1659-1664. Green route: the trip to the Netherlands
In the winter of 1659-60 when the Karl Gustav Wars between Denmark and Sweden had ended, Niels Steensen embarked on his first journey abroad. He travelled by way of Rostock to Amsterdam to study. Amsterdam was a great centre of research, industry and trade—five times the size of Copenhagen.
In Amsterdam he stayed with and studied under Gerard Blasius. While studying with Blasius, Steensen made his first great discovery, that of the ductus stenonianus.
In July 1660 Steensen travelled by barge to Leiden and registered as a student at Leiden University. He was joined there by his former teacher Ole Borch. Steensen spent more than three years at Leiden University where he made important discoveries concerning the glands, muscles and heart. He followed the anatomy lectures of Francois de la Boë Sylvius, and made the acquaintance of prominent scientists and doctors of medicine and the philosopher Spinoza. He wrote and defended his dissertation of the glands of the mouth. He most likely followed a dissection at the Anatomical theatre and used the University Library.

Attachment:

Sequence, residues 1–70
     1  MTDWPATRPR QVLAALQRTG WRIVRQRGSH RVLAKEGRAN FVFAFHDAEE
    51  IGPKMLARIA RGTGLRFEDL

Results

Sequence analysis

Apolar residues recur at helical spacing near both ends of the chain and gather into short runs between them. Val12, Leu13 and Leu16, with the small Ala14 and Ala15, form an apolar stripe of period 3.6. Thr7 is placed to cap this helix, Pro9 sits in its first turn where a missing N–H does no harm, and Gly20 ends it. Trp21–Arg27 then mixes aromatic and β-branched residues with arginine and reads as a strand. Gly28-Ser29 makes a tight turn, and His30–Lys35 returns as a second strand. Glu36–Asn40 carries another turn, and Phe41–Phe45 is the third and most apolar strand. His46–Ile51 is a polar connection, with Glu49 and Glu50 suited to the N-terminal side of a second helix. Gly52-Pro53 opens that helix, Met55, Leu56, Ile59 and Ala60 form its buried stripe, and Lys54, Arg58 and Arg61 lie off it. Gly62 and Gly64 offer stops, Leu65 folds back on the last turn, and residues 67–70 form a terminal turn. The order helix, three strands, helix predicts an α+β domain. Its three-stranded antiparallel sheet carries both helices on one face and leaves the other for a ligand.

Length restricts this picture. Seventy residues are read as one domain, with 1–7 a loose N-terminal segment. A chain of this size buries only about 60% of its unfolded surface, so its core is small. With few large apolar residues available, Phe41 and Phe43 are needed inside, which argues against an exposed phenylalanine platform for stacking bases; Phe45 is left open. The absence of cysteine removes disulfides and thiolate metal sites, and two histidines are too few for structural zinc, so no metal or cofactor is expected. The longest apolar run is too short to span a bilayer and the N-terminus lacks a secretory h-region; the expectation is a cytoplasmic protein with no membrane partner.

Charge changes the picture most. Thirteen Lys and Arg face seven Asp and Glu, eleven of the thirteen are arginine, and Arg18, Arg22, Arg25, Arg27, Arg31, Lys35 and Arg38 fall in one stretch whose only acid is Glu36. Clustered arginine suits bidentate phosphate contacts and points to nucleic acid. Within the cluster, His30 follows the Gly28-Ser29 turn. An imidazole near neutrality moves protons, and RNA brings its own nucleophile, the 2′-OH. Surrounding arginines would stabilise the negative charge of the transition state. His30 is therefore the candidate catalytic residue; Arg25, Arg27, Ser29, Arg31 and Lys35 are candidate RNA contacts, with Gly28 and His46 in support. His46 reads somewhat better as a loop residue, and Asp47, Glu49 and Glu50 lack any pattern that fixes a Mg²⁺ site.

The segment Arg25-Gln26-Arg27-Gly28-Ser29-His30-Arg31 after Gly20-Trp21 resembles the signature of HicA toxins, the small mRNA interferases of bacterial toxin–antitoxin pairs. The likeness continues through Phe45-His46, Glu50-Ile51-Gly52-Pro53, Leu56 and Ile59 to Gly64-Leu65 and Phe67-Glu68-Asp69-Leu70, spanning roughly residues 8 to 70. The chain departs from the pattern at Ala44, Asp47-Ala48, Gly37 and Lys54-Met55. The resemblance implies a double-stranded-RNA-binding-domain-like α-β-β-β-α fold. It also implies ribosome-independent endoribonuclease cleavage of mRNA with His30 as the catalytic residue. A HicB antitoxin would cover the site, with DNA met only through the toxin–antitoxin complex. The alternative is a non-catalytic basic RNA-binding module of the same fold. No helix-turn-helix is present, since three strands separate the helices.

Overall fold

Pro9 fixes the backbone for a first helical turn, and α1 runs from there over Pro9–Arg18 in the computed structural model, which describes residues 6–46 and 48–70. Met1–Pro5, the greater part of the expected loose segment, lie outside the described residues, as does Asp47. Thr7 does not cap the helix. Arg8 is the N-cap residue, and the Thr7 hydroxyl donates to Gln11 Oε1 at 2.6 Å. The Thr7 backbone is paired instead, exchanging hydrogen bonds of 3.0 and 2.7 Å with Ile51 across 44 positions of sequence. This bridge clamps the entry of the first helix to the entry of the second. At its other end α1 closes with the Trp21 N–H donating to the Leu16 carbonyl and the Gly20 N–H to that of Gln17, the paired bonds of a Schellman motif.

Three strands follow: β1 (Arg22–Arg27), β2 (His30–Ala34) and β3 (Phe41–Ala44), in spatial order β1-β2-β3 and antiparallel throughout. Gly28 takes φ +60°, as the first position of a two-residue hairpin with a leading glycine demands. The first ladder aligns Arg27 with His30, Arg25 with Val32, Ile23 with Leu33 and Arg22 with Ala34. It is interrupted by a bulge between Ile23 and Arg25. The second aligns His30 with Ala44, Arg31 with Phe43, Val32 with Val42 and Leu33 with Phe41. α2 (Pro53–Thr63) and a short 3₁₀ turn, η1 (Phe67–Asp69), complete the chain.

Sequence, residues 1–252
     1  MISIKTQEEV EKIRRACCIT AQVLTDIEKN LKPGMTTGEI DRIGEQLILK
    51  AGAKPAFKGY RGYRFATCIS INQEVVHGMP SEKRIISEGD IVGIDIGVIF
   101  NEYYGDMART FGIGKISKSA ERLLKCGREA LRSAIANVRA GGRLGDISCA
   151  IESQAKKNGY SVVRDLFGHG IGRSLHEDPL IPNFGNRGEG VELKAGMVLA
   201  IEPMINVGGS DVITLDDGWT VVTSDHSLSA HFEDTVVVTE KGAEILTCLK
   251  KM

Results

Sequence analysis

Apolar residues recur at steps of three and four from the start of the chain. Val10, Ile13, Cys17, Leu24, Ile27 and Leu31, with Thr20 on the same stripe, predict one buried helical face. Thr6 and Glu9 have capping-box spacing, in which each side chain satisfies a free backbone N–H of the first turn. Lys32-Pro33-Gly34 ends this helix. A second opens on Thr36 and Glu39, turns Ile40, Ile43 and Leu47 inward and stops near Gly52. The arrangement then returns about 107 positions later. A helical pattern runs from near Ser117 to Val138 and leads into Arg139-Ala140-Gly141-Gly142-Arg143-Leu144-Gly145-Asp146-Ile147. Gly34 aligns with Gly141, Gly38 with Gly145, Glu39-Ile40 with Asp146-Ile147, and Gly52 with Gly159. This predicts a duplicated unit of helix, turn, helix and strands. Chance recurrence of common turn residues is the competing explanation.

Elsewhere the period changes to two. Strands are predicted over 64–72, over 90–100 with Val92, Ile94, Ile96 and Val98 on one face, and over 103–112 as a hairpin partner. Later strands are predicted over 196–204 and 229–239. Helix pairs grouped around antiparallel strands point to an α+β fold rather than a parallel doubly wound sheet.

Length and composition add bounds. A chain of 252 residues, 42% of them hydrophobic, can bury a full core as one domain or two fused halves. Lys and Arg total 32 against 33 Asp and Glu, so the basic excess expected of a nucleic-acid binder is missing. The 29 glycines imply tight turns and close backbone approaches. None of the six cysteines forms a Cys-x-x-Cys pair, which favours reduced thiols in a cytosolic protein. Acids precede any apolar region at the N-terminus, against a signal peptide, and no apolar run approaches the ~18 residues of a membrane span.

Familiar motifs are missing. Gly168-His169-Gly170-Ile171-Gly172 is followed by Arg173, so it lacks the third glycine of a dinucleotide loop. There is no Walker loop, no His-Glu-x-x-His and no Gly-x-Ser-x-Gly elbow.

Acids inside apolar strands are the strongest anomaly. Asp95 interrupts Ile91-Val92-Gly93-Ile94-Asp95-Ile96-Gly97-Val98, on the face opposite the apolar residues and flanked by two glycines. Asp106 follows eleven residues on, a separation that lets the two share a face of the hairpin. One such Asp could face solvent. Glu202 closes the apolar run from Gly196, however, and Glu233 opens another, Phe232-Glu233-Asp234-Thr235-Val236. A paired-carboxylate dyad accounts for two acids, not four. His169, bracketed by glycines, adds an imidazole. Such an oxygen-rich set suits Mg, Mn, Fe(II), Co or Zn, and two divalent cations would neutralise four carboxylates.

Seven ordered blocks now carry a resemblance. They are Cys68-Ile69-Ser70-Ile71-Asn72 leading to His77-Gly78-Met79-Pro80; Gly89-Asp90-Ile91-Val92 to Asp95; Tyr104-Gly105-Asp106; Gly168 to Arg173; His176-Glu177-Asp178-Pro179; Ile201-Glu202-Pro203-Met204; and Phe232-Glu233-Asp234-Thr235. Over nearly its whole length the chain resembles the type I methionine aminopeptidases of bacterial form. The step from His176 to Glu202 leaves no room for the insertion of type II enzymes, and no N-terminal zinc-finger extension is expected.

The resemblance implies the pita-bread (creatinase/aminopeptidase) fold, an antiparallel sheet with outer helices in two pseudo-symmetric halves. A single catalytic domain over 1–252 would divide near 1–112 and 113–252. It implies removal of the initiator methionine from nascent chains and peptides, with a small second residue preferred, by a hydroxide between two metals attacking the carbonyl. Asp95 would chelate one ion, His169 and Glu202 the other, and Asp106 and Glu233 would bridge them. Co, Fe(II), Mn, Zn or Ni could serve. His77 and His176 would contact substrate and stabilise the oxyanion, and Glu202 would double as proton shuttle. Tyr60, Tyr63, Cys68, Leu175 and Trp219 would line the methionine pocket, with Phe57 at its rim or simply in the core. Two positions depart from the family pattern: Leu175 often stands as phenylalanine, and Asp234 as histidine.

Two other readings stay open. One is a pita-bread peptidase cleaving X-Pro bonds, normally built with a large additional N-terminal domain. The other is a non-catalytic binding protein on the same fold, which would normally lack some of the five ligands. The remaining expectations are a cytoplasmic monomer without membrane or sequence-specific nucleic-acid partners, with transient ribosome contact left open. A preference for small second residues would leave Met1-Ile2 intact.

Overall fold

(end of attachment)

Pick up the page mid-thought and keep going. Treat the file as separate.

In 1663 he went on holiday, travelling in the Netherlands and Belgium with Ole Borch and his charges. They could not have missed seeing Leuven’s famous town hall. While there they witnessed a Corpus Christi procession.
In 1664 Niels Steensen ran out of money so he went back at home to Copenhagen where published his new book, “Anatomical observations”.